From start to finish, building rations for dairy cows is accomplished with a range of precision. Consider that the last step of mixing is done in thousands of pounds on the farm. The earliest steps in the process are closer to what you might experience while baking a cake from scratch in your kitchen with small cups, bowls, and a countertop mixer. While loader buckets and mixer boxes on the dairy get bigger and bigger, the initial steps of ration formulation remain mostly steady and small. Starting with the micro-ingredient blending, small amounts of highly concentrated nutrients are carefully added to small, prebatch type mixes and staged for further blending up the line. It is a complicated process.

If you wanted to build a risky system using scores of ingredients, various mix sizes, and perplexing units of concentration in some incongruent mix of the metric system and imperial units (the U.S. style) that was set up for failure, you would build something like what we work with in the micro-ingredients formulation process. For those of us that grew up in the U.S. in the latter parts of the 20th century, you might remember your teachers telling you that by the time you were an adult, the U.S. would be fully on the metric system. Those predictions were mostly wrong, but in animal nutrition, it is like the process of the changeover got inexplicitly stuck somewhere in the middle. I even occasionally see an ingredient in this space that will have a metric unit in the numerator and an imperial unit in the denominator. This is crazy.

The most unusual unit that best explains this is the Food and Drug Administration (FDA) guideline for approved monensin inclusion for lactating cows. It is stated in grams of monensin per ton of dry matter intake. Say that again? This is a unique fraction indeed. A similar regulatory comment often used suggests an amount of an ingredient that should be added in a mix to meet a specific pounds per ton of finished feed. I am honestly not even sure what that means. The various vitamin concentrations are no better. In addition to some vitamins being discussed in thousands of international units (KIU) and some simply in international units (IU), one must pay close attention! At the same time that all of these units and concentrations are all over the place, in some instances, we discuss these in a concentration basis like grams per pound or parts per million (ppm), and at other times we discuss in grams or milligrams per head per day.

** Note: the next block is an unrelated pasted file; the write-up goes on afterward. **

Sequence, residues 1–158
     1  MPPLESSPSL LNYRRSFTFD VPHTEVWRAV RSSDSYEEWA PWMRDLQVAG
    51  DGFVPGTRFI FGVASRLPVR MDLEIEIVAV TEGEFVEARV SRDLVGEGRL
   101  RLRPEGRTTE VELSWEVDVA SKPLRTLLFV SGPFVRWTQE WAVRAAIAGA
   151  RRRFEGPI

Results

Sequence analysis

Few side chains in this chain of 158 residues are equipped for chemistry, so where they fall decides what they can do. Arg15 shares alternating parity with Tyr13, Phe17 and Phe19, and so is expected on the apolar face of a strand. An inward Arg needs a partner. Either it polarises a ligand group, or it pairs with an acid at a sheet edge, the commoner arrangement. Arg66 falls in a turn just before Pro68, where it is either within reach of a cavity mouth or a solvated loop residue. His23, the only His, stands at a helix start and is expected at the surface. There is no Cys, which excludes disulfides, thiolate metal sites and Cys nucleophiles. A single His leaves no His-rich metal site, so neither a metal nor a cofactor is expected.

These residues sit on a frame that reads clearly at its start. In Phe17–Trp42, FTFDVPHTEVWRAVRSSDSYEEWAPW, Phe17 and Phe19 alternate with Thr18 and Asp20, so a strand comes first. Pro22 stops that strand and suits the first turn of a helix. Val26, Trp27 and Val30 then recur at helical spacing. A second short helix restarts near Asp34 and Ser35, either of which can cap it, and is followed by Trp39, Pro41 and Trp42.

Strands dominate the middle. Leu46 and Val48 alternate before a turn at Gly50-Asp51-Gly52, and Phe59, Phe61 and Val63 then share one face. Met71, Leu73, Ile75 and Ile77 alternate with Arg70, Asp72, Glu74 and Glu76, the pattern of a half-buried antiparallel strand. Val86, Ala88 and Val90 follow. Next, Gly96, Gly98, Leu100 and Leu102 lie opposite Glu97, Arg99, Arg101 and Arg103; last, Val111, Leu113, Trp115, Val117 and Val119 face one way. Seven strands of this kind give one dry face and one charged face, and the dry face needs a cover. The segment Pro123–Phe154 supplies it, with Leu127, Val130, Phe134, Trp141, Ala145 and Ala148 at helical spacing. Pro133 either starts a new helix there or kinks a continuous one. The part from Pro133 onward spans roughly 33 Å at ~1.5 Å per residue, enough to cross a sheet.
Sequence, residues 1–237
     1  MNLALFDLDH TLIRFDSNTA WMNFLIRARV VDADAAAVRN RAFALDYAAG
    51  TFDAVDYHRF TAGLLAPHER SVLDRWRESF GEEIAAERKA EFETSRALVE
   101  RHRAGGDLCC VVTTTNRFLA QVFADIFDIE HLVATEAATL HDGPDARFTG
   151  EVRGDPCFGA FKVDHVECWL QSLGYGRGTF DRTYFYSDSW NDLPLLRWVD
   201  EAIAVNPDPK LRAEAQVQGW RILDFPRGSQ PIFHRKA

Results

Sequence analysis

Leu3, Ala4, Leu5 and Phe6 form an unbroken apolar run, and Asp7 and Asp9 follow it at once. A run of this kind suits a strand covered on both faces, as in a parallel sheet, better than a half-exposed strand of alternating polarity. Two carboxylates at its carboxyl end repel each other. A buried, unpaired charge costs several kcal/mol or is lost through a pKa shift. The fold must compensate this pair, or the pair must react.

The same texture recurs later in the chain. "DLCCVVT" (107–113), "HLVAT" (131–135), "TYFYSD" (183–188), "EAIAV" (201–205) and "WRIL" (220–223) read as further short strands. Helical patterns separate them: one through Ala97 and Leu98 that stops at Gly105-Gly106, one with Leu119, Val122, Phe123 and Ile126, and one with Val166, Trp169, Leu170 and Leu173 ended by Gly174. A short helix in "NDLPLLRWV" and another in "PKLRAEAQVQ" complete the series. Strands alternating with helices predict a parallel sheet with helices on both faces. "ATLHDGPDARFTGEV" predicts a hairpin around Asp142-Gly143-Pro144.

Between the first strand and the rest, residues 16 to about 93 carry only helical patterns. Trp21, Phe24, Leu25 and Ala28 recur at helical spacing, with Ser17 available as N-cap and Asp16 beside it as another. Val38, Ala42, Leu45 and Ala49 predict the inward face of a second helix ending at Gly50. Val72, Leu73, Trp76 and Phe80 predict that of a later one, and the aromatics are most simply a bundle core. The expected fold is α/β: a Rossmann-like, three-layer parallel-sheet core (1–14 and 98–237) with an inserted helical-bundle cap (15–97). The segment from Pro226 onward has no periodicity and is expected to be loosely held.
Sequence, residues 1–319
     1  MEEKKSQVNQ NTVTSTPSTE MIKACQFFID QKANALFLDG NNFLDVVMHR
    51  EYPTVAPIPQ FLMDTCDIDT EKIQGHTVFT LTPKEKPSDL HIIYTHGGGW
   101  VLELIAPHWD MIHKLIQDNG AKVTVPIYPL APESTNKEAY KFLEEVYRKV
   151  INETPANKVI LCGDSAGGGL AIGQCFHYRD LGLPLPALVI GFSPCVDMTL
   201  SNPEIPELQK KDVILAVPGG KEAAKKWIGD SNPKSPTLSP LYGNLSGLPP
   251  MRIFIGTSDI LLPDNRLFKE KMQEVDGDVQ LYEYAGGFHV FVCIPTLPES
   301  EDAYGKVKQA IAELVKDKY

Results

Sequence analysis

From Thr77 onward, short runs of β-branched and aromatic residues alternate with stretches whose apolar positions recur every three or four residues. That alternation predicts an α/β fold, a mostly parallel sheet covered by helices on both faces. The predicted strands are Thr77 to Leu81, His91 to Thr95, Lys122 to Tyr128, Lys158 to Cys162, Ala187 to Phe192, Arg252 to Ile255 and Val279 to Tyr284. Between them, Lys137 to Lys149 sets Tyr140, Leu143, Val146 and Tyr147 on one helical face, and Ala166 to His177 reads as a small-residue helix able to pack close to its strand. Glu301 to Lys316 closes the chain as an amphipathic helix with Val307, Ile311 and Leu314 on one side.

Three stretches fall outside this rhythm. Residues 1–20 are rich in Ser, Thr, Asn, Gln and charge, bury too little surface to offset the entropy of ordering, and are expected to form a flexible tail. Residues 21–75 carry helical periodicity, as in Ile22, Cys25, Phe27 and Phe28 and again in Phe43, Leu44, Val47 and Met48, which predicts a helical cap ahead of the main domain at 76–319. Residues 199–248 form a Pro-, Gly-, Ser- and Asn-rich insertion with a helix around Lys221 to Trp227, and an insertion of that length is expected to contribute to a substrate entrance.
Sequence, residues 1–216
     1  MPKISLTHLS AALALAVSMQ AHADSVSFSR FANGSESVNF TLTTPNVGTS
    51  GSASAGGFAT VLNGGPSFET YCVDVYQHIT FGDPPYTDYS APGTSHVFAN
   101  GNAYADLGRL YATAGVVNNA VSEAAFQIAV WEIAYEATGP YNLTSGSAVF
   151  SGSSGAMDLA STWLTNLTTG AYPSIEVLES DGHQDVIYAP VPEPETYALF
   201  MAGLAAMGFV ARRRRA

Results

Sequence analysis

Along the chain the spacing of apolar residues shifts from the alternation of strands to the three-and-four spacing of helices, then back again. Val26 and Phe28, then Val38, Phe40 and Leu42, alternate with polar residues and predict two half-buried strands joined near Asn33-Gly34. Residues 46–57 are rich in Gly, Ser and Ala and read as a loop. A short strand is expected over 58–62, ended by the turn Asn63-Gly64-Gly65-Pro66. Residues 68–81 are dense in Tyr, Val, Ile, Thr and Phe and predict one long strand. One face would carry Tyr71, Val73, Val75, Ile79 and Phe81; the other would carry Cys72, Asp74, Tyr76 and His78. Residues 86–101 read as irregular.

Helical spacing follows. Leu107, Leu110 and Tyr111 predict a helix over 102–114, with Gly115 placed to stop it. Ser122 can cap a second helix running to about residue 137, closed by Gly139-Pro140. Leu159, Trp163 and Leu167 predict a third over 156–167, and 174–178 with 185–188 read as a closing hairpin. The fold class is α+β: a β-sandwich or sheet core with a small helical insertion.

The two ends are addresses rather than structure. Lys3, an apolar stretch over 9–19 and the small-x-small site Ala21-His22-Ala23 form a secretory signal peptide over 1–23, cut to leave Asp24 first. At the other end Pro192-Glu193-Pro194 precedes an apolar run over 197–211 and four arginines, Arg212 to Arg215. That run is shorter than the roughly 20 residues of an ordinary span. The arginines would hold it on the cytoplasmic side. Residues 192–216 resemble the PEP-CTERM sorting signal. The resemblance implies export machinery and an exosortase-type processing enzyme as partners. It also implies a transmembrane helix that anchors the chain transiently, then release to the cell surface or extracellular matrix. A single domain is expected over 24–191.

Most of the discussion thus far has related to nutrients like vitamins and trace minerals. Concurrent with this formulation math is the inclusion of many options for things like feed technologies and additives. In this list are gut health products, direct fed microbials, binders, yeast products, rumen modifiers, methane reducers, and more. None of these have feed rates that are driven by nutrient requirements like minerals and vitamins. These are included based on manufacturers suggested feed rates. This seems a little bit problematic. Are we dosing the animal based on body weight, the diet-based intake, or some other approach? Likewise, the recommended feed rates often feel antiquated when they are commonly expressed in ounces per cow per day. I can’t find anywhere in my ration software where I can enter ounces, or even grams for that matter. So, remembering that there are 16 ounces in a pound and 454 grams in a pound comes in handy. Thank goodness a big block Chevy in the old days was 454 cubic inches! At least that helps me remember grams per pound.

The people make it happen

Now that I have sufficiently convinced you that this process is complicated and math-heavy, now enter the human factor. As is usual, communication is critical, and everything must be documented. Mistakes happen and the value of another set of eyes cannot be overstated. In what is a mostly invisible role to dairy producers, there is a very important individual at each feed and mineral company that is the cog in this wheel. The role is generally described as a formulator, and I can’t overstate how important these individuals are.